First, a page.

# Volume between two paraboloids

Find the volume of the solid enclosed by the paraboloids $z=9(x^2+y^2)$ and $z=32−9(x^2+y^2)$

I'm not sure how to even find the volume enclosed to begin with. I know that the paraboloids intersect when

$$9(r^2) = 32−9(r^2) \implies r = \frac43 \implies z = 16$$ If this is the plane where the two intersect, then the bounds are $16 \leq z\leq 32−9(x^2+y^2)$

Am I correct in this?

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Try curve tracing to visualize the problem in 3D. –  Anurag Kalia Jan 17 '13 at 8:45

Yes. you are correct. I think if we use the cylindrical coordinates, the volume could find better. As follows: $$4\int_0^{\pi/2}\int_{r=0}^{r=4/3}\int_{z=9r^2}^{32-9r^2}rdzdrd{\theta}$$. I added the following picture for you to consider the volume better.

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Thank you very much –  Cactus BAMF Jan 17 '13 at 9:05
Thank you so much, I've been trying to visualize this problem for hours. It finally is clear! –  Cactus BAMF Jan 17 '13 at 9:08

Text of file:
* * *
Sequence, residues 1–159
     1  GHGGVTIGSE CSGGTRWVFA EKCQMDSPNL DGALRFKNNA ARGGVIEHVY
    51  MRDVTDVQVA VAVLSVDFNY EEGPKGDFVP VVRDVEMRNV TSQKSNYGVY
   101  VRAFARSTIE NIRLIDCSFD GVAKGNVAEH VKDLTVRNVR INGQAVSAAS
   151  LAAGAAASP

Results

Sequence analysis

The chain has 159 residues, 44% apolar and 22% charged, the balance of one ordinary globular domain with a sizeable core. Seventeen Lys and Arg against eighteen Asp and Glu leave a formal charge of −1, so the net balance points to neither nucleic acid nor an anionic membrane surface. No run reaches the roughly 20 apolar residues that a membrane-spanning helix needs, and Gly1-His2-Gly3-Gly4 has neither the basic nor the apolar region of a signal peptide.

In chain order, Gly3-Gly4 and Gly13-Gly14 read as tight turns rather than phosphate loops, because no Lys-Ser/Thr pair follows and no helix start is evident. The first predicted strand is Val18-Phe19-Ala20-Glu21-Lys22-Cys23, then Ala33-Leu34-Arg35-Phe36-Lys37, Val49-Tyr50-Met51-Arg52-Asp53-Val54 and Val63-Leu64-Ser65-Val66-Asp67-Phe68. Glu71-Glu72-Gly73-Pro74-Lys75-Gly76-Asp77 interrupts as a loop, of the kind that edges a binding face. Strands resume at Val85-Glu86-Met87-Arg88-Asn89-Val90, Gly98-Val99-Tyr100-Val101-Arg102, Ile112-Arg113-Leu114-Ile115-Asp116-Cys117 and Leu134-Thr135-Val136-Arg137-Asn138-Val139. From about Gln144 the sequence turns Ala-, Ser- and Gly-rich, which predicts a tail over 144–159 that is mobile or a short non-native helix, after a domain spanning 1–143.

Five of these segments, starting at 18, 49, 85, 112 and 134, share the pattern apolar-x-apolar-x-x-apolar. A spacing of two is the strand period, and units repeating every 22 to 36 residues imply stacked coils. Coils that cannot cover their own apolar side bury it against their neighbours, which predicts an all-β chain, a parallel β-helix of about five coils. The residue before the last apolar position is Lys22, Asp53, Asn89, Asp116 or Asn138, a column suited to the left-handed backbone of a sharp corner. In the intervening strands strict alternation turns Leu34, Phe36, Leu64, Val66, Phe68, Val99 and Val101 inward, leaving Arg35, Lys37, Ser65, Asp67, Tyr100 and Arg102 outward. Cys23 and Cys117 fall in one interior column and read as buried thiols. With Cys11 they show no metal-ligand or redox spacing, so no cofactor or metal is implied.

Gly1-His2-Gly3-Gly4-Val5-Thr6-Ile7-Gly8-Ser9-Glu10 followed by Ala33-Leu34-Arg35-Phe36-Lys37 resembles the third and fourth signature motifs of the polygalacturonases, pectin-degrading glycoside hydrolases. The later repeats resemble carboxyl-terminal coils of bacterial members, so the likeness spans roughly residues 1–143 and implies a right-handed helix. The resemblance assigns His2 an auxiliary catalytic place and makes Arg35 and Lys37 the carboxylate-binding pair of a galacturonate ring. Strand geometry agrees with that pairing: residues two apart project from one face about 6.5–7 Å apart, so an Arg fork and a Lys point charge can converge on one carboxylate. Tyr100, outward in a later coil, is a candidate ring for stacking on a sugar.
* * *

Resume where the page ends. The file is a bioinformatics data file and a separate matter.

@CactusBAMF: I made it by Maple 16. It was easy. Welcome. ;-) –  Babak S. Jan 17 '13 at 9:09
I'm always big on nice pictures! + 1 –  amWhy Feb 15 '13 at 0:04

Hint: Write the volume as an integral.

The region of space you're interested in is $$R = \{(x,y,z)\in\mathbf R^3 : 9(x^2+y^2) \leqslant z \leqslant 32-9(x^2+y^2) \},$$ so the volume can be written as $$V = \iiint_R \mathrm dx\,\mathrm dy\,\mathrm dz.$$ Of course, given the presence of $x^2+y^2$ everywhere, you probably want to apply a change of variables to use cylindrical coordinates. The new domain is then $R'=\{(r,\theta,z):9r^2\leqslant z\leqslant 32-9r^2\}$. You can simplify again just a bit using what you have already noticed: there is space between the paraboloids only when $0\leqslant r\leqslant 4/3$, so the new domain can be written $$R'=\{(r,\theta,z):0\leqslant r\leqslant 4/3,~9r^2\leqslant z\leqslant 32-9r^2\}.$$ Now you have to actually do the change of variables, and compute an integral.

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@BabakSorouh Woops! :) –  jathd Jan 17 '13 at 9:13